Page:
On the heels of a letter from the Recording Academy appealing to Congress for financial assistance for the music community, the Music Artists Coalition sent a similar letter to Congress signed by dozens of artists and executives, including Don Henley, Lizzo, Maren Morris, John Mayer, Stevie Nicks, Gwen Stefani, Def Leppard and many others. Where the Recording Academy letter focused on freelancers and people involved in the “gig economy,” this one emphasizes workers in the live-entertainment side of the business.
A rep for the organization noted that the relief package signed by President Trump Wednesday is a first step that will provide some relief to the music community, but that more targeted aid is needed.
“The cancellation of concerts, festivals, and tours has brought an abrupt end to income for hundreds of thousands of people,” the letter reads in part. “The music industry is facing an existential threat that is unprecedented – the touring business as we know it has disappeared without warning and without a safety net for hundreds of thousands of people. MAC believes the impacted people in the music industry are one of the groups most in need of government assistance.”
The letter follows below in full.
Dear Speaker Pelosi, Leader McConnell, Leader McCarthy, and Leader Schumer:
The Music Artists Coalition (MAC) appreciates the bipartisan efforts underway to address the severe economic impact on millions of Americans because of COVID-19. As economic relief efforts are finalized, MAC believes it is essential that support is reserved for the hundreds of thousands of people whose livelihoods depend on the live music business.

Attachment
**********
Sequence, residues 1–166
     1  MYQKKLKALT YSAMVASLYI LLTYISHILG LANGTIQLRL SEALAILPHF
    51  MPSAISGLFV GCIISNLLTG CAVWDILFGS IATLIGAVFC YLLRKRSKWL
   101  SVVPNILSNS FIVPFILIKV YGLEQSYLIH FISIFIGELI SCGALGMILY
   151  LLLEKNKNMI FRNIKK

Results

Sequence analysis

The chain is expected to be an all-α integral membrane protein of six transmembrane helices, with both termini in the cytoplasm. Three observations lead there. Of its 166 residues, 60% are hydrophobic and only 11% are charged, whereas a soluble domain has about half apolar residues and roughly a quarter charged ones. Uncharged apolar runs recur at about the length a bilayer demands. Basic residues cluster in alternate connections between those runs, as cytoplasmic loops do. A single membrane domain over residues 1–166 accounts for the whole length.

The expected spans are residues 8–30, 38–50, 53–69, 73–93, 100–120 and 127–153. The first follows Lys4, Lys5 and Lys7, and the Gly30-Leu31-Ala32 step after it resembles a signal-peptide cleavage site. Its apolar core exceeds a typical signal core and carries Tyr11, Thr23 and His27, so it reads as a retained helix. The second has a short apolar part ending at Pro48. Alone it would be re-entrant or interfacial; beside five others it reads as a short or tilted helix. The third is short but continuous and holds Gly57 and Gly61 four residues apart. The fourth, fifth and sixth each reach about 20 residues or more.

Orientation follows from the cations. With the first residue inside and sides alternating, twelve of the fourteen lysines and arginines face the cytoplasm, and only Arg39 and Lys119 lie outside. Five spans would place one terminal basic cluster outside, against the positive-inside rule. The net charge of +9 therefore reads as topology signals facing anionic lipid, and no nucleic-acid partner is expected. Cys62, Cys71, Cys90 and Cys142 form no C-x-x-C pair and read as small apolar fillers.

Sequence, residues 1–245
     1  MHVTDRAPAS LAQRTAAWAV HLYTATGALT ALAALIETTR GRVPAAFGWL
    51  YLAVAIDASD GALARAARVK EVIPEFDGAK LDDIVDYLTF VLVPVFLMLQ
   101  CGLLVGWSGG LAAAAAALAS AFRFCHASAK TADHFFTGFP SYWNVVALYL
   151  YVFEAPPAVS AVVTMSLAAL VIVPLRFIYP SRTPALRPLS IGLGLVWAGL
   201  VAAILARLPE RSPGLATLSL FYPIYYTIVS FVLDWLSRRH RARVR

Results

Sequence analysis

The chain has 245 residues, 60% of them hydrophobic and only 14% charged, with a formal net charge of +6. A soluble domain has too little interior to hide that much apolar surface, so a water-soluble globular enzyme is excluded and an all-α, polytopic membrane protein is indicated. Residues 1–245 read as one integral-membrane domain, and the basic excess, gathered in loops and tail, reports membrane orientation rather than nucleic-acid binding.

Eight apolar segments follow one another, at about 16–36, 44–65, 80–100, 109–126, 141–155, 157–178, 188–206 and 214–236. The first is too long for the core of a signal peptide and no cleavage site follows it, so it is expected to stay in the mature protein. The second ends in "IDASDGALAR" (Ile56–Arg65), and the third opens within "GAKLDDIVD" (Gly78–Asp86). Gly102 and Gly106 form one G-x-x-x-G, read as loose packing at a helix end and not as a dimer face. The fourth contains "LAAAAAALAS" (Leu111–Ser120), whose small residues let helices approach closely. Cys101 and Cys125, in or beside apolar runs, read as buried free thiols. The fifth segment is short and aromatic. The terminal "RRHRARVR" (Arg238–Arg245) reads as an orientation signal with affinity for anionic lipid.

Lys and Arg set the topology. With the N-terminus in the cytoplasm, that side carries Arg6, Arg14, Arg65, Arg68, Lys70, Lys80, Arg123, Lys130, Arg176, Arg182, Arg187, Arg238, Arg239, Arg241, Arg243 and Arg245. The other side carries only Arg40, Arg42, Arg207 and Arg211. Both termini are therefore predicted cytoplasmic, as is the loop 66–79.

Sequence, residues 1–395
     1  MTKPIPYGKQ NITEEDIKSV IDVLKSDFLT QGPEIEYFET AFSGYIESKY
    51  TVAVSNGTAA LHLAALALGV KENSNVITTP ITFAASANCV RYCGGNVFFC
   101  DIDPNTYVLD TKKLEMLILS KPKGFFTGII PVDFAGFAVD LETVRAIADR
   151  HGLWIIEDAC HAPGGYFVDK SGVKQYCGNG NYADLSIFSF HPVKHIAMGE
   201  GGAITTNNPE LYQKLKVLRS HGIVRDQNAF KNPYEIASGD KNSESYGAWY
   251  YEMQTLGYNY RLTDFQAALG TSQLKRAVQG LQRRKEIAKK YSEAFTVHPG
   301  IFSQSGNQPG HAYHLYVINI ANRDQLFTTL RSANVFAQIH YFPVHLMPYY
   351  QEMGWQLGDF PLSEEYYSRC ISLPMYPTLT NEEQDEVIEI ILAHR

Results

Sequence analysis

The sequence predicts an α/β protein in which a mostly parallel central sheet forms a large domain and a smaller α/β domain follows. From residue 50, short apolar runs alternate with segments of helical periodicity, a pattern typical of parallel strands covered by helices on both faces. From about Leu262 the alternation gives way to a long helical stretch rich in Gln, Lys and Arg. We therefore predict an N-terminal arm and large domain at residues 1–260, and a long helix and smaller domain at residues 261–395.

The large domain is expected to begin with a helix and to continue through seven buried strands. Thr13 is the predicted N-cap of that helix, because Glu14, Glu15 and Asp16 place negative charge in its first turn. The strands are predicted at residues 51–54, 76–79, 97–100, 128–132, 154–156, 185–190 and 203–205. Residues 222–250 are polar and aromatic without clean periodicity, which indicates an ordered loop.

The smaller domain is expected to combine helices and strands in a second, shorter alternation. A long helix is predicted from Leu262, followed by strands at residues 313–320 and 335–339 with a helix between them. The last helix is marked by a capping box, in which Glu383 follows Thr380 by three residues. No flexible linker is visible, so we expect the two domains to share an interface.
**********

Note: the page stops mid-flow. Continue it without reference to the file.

In compliance with CDC guidelines, all concerts and events have been cancelled indefinitely. As a result, the concert business is as drastically and negatively impacted as the airlines and the hospitality industries, despite a lack of media attention. The men and women who work tirelessly to bring live music to fans are unable to work from home and have no alternative means of supporting themselves and their families.
The cancellation of concerts, tours, and festivals means that the musicians and crews who make every concert a special experience for music fans are now out of a job and have no other way to pay rent or put food on the table. Concerts are not just about the headliner: the foundation of live music are the touring musicians, truck and bus drivers, stagehands, production teams, crews who handle lighting, sound, equipment, security, and so many others do not have any option for work as there are no live events for the foreseeable future.
The cancellation of concerts, festivals, and tours has brought an abrupt end to income for hundreds of thousands of people. For these dedicated individuals, it is not an unwillingness, but an inability, to work, when all concerts, tours, and recording sessions are cancelled or indefinitely postponed. While some concerts will be rescheduled, it is inevitable that many will be cancelled and unable to find a venue in which to perform when this crisis has passed.
The music industry is facing an existential threat that is unprecedented – the touring business as we know it has disappeared without warning and without a safety net for hundreds of thousands of people. MAC believes the impacted people in the music industry are one of the groups most in need of government assistance.
Thank you for leading the fight to ensure Americans are able to pay their bills and survive these trying times.
Amy Lee (Evanescence)
Black Rebel Motorcycle Club
Brandon Robert Young
Cold War Kids
J Ross Parrelli
Jerrod Bettis (p/k/a “Skins”)
Jonny Pierce (p/k/a “The Drums”)
Kenny “Babyface” Edmonds
Leslie Odom Jr
Little Big Town
Morgan Kibby/White Sea
Rory Andrew (p/k/a “Wynne”)
Stone Temple Pilots
The Doobie Brothers
The White Buffalo
Walk Off The Earth